Hassan follows Valparai model in mitigating human-elephant conflict

An elephant herd moving through a tea estate in Valparai.  

Around 4.30 p.m. on December 6, Yogesh (45), father of two children, was walking along a narrow path running adjacent to a coffee estate at Honkaravalli near the Hassan district of Karnataka. The supervisor of a coffee plantation, Yogesh, was reportedly warned by a woman worker that she had spotted a lone elephant in the coffee bushes on the boundary of the plantation. While others moved to safety, Yogesh went ahead in what proved to be a fatal encounter with the elephant, herds of which roam the coffee plantations, fragmented forest patches and monoculture stretches of acacia and eucalyptus in the Hassan district of Karnataka throughout the year.

Five human deaths caused by elephant attacks were reported on average annually between 2010 and 2016 in Hassan, making it a human-elephant conflict hotspot. Loss of human life and crop damage is a burning issue in as many as 102 villages in the 200 sq. km Alur-Sakleshpur-Yeslur region of the district. But help is at hand from a model system that the Mysuru-based Nature Conservation Foundation has successfully implemented in Valparai in the Western Ghats of Tamil Nadu.

“We identified 12 stretches of roads, some ranging from 6 km to 10 km, where encounters and elephant movements were high. GSM-based digital display boards in the vernacular language have been installed on both ends of four such stretches to alert road users, who mostly travel by foot or on two-wheelers,” said M. Ananda Kumar, wildlife scientist with the Mysuru-based Nature Conservation Foundation (NCF) that has researched the conflict scenario in both Valparai and Hassan.

In Hassan, NCF's early warning system draws support from the Karnataka Forest Department, planters' associations, and locals. NCF has plans to install digital display boards on the remaining eight roads within a year.

“When analysed, we found that most of the encounters in the villages of Hassan took place on roads inside the plantations, which humans as well as elephants use for movement. We found that 75% of deaths due to elephant attack occurred on roads. With plantations protected by electric fences, elephants are forced to move on roads. Analysis of past cases also showed that most of these fatal encounters took place between 6 a.m. to 10 a.m. and 4 p.m. to 8 p.m.,” says Mr. Kumar,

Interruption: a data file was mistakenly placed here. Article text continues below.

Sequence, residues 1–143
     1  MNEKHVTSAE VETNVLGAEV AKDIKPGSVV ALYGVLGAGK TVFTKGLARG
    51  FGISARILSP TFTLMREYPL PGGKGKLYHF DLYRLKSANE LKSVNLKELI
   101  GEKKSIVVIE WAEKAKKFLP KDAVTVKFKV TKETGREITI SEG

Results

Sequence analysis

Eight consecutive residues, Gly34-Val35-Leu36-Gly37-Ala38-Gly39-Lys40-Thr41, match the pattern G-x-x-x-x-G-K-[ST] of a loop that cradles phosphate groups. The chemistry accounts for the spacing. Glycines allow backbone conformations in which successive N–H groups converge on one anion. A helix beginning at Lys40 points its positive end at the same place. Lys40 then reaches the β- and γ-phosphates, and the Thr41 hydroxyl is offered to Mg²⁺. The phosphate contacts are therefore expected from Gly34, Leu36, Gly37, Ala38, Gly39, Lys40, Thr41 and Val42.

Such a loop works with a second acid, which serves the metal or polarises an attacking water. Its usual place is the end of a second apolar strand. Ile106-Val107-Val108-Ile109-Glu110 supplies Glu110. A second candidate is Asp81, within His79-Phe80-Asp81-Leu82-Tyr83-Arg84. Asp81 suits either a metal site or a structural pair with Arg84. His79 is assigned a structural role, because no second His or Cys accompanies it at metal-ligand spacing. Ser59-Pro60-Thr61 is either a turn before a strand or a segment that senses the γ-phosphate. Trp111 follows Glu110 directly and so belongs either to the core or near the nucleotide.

‘Peak hours’ for movement are the same for humans and elephants: elephants enter the plantations in the evening and hurry to safe hideouts in the morning, often seeking cover in coffee bushes. Of the 30 fatalities reported between 2010 and 2016, victims were unaware of the movement of elephants in at least 20 cases. Open defecation was also a reason for such encounters.

Paddy is cultivated in swampy areas in the middle of coffee plantations in Hassan, and villagers are accustomed to elephants straying into estates. Following the constant conflicts, in 2014, the Karnataka Forest Department captured 22 elephants, including adults and juveniles, and shifted them to camps for rehabilitation. But the rare operation turned futile as around 30 new elephants moved into the region from nearby forests.

As in Valparai, the NCF launched an SMS-based alert system in Hassan — 98% of the 102 affected villages have mobile network coverage. People who wish to receive an alert register their mobile numbers with Vinod Krishnan, NCF's Hassan-based research associate. As it has in Valparai, the NCF also installed LED flash-lights at places on roads where elephant crossings were high.

“The whole idea of the early warning system introduced earlier in Valparai and now in Hassan is to bring down the number of accidental human-elephant encounters to zero. Unlike Valparai, where elephant movement reaches its peak between December and February, the villages of Hassan are on the verge of conflict throughout the year,” says Mr. Kumar. It is hoped Hassan's humans and elephants will benefit as Valparai’s have.

Valparai saw 44 human deaths due to conflict with elephants between 1994 and 2017. Between 1994 and 2002, the average number of human lives lost in a year due to elephant attacks stood at three. But in the 15 years since 2002, when NCF commenced its work in Valparai, the average loss of human life per year caused by elephant attacks has fallen to one. “In the last three years, in Valparai, no human deaths have been reported due to elephant attack when people were made aware of the animals’ presence or movement in a given area. In some of the unfortunate events reported, people either ventured into the place knowing of the elephants’ presence, or disturbed them,” says Mr. Kumar.

Our code of editorial values

This article is closed for comments.
Please Email the Editor

Printable version | Jun 16, 2021 7:40:12 PM |

Next Story